Designate a grace period and a late charge amount. Accept a late fee of 5% and a grace period of 5-15 days on all payments as fair. When lending money to loved ones, you should always impose a late fee.

  1. Accept the Terms of Repayment

Loan conditions need to be discussed as part of the loan arrangement. Among these are the repayment schedule, the payment schedule, and the method by which the borrower will return both the interest and the principal.

  1. Think About Taking Collateral

A close buddy once approached me for a sizable loan. I gave in, but only after he agreed to pay me many points in interest and give me his car’s spare keys as collateral.

He could have, in theory, tucked the automobile away somewhere I couldn’t recover it. But having the keys as security helped me relax a little. He ultimately repaid me in full, with interest, despite having previously defaulted on the payments.

Due to the fact that the owner won’t need it for transportation, high-value jewelry is a preferable form of collateral to a car. On the other hand, authenticating jewelry’s worth is more difficult.

The majority of people do not have anything of genuine value, such as a car or expensive jewelry. If they do, however, securing the loan with collateral will serve to further emphasize the fact that the lender-borrower connection is distinct from the borrower’s personal relationship with the lender. You’re not running a charity, and there will be repercussions for them if they fail to pay.

  1. Make a Notation

Promissory notes are binding contracts between a lender and a borrower. As thus, this agreement both guarantees and accepts the loan. A promissory note has the following details:

  • The loan conditions
  • The rate of interest
  • The repayment plan
  • All costs, as well as when they become payable

It also specifies the conditions under which the lender may retain any collateral that was pledged as security for the loan. Finding a note template online and editing it to your liking is a breeze. Having the loan agreement notarized is a great way to emphasize the severity of the loan to the borrower.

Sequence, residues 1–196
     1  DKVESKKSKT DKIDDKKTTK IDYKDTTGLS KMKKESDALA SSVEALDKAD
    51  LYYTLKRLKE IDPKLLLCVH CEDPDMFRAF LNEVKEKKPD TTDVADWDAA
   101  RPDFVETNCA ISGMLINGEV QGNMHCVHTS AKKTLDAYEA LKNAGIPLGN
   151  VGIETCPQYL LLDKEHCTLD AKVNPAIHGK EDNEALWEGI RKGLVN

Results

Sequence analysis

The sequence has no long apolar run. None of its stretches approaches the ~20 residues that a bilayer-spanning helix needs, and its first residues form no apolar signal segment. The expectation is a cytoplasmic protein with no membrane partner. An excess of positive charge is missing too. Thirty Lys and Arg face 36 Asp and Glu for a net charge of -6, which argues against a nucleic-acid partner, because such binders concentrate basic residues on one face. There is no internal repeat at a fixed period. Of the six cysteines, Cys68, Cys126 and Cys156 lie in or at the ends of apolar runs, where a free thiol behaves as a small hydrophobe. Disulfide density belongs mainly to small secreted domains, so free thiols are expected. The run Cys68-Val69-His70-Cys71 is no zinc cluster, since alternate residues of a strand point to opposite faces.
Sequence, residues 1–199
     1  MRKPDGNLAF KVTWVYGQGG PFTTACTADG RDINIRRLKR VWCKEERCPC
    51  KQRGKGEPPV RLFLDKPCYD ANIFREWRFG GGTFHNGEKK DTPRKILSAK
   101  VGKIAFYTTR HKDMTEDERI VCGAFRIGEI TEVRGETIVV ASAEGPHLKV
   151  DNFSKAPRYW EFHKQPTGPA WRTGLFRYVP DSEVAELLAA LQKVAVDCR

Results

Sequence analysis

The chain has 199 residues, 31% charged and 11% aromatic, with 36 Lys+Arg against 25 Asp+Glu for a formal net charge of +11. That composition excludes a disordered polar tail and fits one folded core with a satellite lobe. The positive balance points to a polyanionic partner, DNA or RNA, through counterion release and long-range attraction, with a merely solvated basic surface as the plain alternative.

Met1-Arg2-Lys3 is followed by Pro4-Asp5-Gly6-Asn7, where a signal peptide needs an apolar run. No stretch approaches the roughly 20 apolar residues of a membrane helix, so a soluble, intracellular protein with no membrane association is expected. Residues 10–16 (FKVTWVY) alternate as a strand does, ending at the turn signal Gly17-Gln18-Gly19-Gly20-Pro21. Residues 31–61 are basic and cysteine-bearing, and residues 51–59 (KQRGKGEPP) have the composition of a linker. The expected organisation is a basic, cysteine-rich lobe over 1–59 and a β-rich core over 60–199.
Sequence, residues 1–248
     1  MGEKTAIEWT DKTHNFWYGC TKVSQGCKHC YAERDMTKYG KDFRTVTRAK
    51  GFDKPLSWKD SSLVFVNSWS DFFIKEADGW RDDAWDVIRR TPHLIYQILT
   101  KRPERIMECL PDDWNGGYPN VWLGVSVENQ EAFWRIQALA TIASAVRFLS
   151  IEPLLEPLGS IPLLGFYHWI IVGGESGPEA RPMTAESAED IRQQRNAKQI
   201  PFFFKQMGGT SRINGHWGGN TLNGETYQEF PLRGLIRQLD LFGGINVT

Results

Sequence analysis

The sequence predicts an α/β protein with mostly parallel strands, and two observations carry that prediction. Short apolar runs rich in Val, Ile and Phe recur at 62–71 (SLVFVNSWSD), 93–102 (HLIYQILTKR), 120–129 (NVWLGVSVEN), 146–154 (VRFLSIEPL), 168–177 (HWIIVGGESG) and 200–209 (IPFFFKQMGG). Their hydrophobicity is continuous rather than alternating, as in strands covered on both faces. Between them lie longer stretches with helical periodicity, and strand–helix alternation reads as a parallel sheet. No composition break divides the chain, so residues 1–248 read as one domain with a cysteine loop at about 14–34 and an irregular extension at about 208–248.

1. Be open and honest with your family members.

The topic of finances often causes tension amongst relatives. The reaction will be predictable if you refuse to offer your less reliable son money when he comes knocking but give it to your more reliable daughter in a time of need. However uncomfortable it may be, it’s preferable than having to conceal family debts from close relatives.

Family secrets usually end up being revealed. And when they occur, they almost always result in some sort of emotional fallout. The need for openness in family affairs is justified.
Do not attempt to conceal loans made to family members. Have a family meeting if you have to. Ask your partner for their opinion and consent before making any large financial loans if you and your partner share your finances.

  1. Avoid micromanaging the borrower.

After signing a contract, you no longer have access to the money. If the borrower fails to make payments as agreed, you are within your rights to contact them again. However, you should not henpeck your borrower about their overall finances; instead, focus on inquiring about missed payments specifically.

Even if your intentions are good, you’ll only end up sowing the seeds of resentment. Put some distance between yourself and the loan and concentrate on making the payments instead of spending it.

  1. Take Caution When Cosigning

Instead of providing money themselves, some family members would cosign for their loved ones to assist them be approved for a loan or credit card. They believe they are safeguarding their assets.

Indeed, they are not. You still have to pay off the loan, and doing so might hurt your credit. Even worse, you can no longer determine the exact sum of your debt. Instead of borrowing just $1,000 from you, a family member may easily pile up $10,000 in credit card debt without your knowledge.

You should only agree to open a credit card in someone else’s name or cosign for a loan if you have complete faith in that individual. Cash is easy to manage, and borrowing or lending it won’t have any immediate effect on your credit rating. If someone else uses your name as collateral for a loan or line of credit, you will be responsible for paying off the debt.

  1. Be Wary of Tax Repercussions

You don’t need to file a gift tax return if you contribute less than $15,000 to an individual in 2021. If you lend more than $15,000 and the borrower fails, you must disclose the debt as a gift and pay taxes on the amount.

Interest-free loans make Uncle Sam nervous, too. Loaning a few hundred dollars won’t get you on his radar, but if you lend more than $15,000 without interest, the Internal Revenue Service may consider the interest you didn’t charge to be a gift. Charge at least the federally mandated minimum interest rate on loans over $100,000.

  1. Learn to Decline Pleasure from Family and Friends

Do not provide a loan to loved ones if you are unsure about your financial situation. Don’t put yourself in danger by using your own savings to bail out a friend or family member who has run into financial trouble.

Bottom Line

Is it a good idea to help out loved ones by lending them money? There’s a good chance that it won’t. However, despite the wisdom of conventional financial counsel, there are occasions when interpersonal connections are more important.

You should lend money to a loved one only if you can rationally justify the expense. Put in the effort, be ready for the worst case scenario, and try to keep the personal aspects of your new lender-borrower relationship out of it.